KEY ISSUES Context: Somalia is a fragile state emerging from a protracted civil war. In 1991, the government was toppled by armed opposition groups, leading to implosion of the central government and devolution of power to administrative regions. The Fund recognized the Federal Government of Somalia on April 12, 2013, paving the way for staff to provide policy advice and technical assistance. While Somalia has been welcomed back as an active member of the Fund, it remains ineligible for financial assistance pending the clearance of its longstanding arrears. The political and security situation remains challenging. Complex clan politics and high turnover in the members of the economic team have undermined policymaking. A new government took office on February 18, 2015, and presidential elections are planned for September 2016. Key policy issues: The Article IV discussions focused on immediate and medium-term actions for building institutions and policy frameworks for fiscal and financial management. Specifically, • Capacity building and governance. Concerted action is needed to build institutions and improve governance in order to support sustainable, inclusive growth, and poverty reduction. In particular, urgent efforts are required to set in place sound mechanisms and institutions to ensure that prospective natural resource wealth, notably hydrocarbons, is well managed. Considerable donor assistance is required for helping Somalia to meet these daunting challenges. • Fiscal. Decisive steps are necessary to build fiscal discipline, underpinned by realistic budgeting and effective implementation systems, including commitment controls. The 2015 budget needs to be revised in light of revenue shortfalls. An emergency revenue mobilization plan and an expenditure review are warranted. • Financial sector. Efforts are needed to develop the currently rudimentary financial system. Swift action is required so that remittances can be channeled through the international banking system. Currency reform should not be implemented until prerequisites are in place. Given the extent of dollarization and the absence of monetary policy instruments, the central bank is unable to conduct monetary policy. Past IMF advice: The latest Article IV consultation was on November 13, 1989, and focused on the low priority attached by the government in place then on the need for better controlling unproductive spending, and on the need for better economic and social services.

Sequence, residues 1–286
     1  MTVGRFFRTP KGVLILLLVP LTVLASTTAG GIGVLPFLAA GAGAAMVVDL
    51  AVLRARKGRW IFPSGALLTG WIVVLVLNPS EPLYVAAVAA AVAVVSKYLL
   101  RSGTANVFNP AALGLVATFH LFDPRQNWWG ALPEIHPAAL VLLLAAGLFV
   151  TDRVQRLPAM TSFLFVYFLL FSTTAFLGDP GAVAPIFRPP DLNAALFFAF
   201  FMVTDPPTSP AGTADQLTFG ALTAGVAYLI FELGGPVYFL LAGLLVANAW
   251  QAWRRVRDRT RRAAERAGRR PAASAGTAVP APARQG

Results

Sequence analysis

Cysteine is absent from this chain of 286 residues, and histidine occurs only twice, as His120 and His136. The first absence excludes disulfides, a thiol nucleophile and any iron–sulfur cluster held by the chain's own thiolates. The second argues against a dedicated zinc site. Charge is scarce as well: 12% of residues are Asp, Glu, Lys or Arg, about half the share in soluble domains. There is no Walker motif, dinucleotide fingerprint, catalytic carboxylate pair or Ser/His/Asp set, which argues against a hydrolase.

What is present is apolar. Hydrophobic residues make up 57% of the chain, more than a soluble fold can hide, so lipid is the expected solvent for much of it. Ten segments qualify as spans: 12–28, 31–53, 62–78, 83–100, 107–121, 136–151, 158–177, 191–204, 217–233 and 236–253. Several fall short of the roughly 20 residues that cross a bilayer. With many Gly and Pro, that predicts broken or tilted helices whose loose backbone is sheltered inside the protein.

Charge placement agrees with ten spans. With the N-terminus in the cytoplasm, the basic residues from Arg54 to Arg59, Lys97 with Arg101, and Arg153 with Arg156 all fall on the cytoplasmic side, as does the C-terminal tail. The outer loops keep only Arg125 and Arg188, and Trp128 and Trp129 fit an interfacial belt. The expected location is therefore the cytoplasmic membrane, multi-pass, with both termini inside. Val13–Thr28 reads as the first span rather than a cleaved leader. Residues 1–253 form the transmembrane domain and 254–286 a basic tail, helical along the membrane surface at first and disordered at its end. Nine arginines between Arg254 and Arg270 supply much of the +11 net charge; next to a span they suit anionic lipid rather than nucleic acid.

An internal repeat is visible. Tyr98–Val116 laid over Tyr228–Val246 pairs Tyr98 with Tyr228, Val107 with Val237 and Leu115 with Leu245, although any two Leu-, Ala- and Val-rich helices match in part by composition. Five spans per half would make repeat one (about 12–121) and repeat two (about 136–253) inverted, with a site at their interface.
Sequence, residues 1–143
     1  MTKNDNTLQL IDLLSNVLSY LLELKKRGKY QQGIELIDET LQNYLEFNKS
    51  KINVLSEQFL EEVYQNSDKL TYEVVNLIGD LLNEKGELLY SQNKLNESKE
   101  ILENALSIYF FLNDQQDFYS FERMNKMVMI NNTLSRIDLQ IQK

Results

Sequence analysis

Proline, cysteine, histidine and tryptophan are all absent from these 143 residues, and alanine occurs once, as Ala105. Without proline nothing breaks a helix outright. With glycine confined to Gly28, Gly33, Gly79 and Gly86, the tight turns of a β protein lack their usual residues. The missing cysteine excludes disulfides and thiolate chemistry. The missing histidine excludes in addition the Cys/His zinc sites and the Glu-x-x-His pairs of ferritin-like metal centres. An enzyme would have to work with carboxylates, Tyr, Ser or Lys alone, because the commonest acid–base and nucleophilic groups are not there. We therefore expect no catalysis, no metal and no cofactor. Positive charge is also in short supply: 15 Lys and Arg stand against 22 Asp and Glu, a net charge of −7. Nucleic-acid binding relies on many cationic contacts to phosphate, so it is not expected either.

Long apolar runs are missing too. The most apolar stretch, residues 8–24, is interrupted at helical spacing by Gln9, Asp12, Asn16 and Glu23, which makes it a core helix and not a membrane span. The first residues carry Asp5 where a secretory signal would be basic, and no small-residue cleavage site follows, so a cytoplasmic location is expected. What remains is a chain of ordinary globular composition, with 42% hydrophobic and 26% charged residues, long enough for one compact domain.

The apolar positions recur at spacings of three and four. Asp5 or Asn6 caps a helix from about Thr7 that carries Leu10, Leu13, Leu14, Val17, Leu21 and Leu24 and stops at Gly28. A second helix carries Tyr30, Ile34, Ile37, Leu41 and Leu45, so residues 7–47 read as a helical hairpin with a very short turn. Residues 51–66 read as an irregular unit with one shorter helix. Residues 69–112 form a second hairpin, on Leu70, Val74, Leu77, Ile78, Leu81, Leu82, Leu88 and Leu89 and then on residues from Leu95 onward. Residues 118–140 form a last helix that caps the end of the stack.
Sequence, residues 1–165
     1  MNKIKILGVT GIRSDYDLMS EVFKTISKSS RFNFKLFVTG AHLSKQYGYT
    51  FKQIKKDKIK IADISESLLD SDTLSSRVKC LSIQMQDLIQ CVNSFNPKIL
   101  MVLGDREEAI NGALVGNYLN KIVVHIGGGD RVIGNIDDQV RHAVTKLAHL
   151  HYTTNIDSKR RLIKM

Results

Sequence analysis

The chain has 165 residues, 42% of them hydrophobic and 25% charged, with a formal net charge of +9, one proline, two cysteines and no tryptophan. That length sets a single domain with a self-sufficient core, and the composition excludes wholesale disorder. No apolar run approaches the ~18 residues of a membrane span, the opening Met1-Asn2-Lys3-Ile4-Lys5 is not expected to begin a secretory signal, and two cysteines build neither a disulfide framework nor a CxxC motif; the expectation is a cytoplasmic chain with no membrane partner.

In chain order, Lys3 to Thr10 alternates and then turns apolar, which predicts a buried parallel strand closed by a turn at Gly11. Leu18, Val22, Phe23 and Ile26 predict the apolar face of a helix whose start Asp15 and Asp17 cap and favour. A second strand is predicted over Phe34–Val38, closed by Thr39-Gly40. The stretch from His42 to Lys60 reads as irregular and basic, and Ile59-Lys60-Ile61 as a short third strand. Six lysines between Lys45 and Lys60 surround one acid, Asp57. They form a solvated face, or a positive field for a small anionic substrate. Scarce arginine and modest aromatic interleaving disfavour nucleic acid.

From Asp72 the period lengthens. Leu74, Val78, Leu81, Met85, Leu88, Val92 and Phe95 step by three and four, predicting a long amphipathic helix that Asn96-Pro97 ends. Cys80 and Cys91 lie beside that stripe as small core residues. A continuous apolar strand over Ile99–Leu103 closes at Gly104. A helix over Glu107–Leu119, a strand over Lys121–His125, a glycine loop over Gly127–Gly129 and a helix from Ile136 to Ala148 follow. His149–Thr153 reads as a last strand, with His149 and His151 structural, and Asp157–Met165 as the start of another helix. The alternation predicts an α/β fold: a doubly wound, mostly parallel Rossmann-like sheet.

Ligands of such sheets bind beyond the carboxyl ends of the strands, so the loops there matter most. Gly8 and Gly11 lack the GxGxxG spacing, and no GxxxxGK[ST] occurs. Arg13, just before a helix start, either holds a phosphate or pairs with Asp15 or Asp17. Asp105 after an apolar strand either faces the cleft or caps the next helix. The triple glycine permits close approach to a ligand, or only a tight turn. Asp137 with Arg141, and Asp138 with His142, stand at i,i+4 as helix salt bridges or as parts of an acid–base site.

Burcu Aydin and Ms. Engin Volkan
The global financial crisis has exposed the limitations of a conventional inflation targeting (IT) framework in insulating an economy from shocks, and demonstrated that its rigid application may aggravate the effect of shocks on output and inflation. Accordingly, we investigate possible refinements to the IT framework by incorporating financial stability considerations. We propose a small open economy DSGE model, calibrated for Korea during the period of 2003 - 07, with real and financial frictions. The findings indicate that incorporating financial stability considerations can help smooth business cycle fluctuations more effectively than a conventional IT framework.
International Monetary Fund

Abstract

The speeches made by officials attending the IMF–World Bank Annual Meetings are published in this volume, along with the press communiqués issued by the International Monetary and Financial Committee and the Development Committee at the conclusion of the meetings.